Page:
Evaluation of a Cranial Ultrasound Screening Protocol for Very Preterm Infants

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Abstract

Objectives: Cranial ultrasound (cUS) screening is recommended for preterm neonates born before 32 weeks' gestational age (GA). The primary aim of this study was to determine if both a day 3 and day 8 cUS screening examination is necessary for all neonates. Methods: A retrospective observational study was performed at a tertiary-level Australian hospital. Frequencies of cranial ultrasound abnormality (CUA) were compared between routine screening performed at postnatal days 3, 8, and 42. Univariate and multivariate analyses of risk factors for intraventricular hemorrhage (IVH) was performed using logistic regression. Results: cUS examinations on 712 neonates born before 32 weeks' GA were included. Neonates were divided into 2 groups: 99 neonates in the 23–25 weeks 6 days GA (group A) and 613 neonates in the 26–31 weeks 6 days GA (group B). All CUA occurred more frequently in group A neonates and in the subset of group B neonates who had defined risk factors. Low-risk group B neonates had lower incidence of CUAs demonstrated on day 8 cUS than high-risk group B neonates, with no significant differences between day 3 and day 8. Logistic regression analysis identified a number of risk factors (vaginal delivery, small for GA, Apgar score <7 at 5 minutes, intubation, patent ductus arteriosus and infection) that were associated with increased frequency of IVH on day 8. In neonates born between 30 and 31 weeks 6 days GA, 35% had a CUA identified. Conclusions: Low-risk preterm neonates born between 26 and 31 weeks 6 days GA, without complications, could be screened with a single early cUS examination around day 8 without missing substantial abnormality.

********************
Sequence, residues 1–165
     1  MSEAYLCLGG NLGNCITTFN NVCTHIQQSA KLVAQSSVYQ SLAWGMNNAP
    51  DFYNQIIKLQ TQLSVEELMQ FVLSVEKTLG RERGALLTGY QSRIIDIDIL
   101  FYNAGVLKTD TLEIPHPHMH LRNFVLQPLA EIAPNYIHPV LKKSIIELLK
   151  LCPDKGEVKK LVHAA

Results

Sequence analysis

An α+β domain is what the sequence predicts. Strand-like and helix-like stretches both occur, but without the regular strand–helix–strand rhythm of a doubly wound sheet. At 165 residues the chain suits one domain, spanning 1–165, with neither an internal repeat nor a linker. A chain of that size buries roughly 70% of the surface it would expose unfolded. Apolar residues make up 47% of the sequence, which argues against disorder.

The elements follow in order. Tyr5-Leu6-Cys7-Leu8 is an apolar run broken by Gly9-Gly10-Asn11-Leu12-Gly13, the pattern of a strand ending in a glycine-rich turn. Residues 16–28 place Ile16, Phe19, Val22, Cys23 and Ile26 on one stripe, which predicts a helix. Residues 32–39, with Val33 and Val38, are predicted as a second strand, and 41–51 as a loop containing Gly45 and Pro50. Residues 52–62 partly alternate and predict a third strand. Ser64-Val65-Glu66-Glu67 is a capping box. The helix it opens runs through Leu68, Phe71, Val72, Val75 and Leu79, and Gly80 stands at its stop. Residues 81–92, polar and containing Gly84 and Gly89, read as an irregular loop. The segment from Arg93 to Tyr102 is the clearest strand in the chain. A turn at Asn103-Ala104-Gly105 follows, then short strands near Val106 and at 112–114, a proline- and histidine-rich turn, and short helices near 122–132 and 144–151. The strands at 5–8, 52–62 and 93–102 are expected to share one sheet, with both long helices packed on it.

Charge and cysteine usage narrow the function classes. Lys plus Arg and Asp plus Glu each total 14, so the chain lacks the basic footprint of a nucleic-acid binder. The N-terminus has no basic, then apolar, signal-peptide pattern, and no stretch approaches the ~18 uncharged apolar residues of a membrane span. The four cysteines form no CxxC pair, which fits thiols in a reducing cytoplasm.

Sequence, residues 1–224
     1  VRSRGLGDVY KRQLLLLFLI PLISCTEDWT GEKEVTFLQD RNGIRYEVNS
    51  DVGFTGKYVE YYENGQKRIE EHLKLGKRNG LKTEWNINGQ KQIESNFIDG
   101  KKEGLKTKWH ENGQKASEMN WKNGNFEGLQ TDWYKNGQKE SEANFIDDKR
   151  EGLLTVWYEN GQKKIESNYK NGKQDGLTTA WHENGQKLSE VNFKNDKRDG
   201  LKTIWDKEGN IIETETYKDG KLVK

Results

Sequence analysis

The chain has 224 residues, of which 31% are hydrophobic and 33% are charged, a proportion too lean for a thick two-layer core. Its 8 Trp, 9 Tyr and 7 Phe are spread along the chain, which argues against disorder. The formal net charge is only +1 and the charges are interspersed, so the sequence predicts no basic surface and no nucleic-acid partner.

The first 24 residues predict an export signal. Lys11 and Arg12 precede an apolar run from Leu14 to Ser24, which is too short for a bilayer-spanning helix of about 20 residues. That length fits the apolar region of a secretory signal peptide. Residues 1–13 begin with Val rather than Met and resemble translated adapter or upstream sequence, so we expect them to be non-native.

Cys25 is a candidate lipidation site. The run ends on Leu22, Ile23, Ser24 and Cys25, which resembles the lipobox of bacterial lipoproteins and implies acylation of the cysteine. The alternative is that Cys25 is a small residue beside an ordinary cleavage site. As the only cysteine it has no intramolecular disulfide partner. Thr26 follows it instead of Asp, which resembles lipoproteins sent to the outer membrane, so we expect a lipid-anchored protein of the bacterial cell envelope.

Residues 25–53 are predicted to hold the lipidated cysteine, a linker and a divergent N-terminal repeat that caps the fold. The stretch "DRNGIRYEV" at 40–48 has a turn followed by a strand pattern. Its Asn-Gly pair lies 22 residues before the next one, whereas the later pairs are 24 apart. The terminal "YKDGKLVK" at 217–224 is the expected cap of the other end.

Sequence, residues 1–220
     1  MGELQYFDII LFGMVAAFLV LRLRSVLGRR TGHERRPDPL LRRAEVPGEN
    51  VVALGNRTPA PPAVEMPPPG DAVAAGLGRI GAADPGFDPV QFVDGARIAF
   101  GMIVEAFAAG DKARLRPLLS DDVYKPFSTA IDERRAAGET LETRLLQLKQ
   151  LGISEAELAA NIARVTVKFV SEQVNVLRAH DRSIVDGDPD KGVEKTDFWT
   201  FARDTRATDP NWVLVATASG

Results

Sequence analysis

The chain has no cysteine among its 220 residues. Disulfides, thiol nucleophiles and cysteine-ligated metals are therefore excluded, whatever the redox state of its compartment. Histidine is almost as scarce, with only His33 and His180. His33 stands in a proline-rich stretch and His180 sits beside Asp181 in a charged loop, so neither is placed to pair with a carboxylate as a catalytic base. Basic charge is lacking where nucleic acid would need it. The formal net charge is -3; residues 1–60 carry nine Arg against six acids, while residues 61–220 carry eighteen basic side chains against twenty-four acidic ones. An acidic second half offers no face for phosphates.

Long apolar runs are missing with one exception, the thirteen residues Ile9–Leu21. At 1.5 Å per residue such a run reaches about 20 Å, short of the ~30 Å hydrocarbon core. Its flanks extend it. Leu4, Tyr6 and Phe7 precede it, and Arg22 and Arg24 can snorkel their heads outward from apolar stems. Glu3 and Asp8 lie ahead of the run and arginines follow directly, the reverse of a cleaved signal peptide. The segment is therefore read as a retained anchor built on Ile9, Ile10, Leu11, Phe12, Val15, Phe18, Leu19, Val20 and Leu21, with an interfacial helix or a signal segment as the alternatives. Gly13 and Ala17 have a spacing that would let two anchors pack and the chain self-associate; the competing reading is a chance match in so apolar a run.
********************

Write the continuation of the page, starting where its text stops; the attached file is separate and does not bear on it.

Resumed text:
Original languageEnglish
Pages (from-to)1081-1091
Number of pages11
JournalJournal of Ultrasound in Medicine
Volume42
Issue number5
DOIs
Publication statusPublished - May 2023

Keywords

  • brain injury
  • cranial ultrasound abnormality
  • intraventricular hemorrhage
  • neonate
  • surveillance
  • timing

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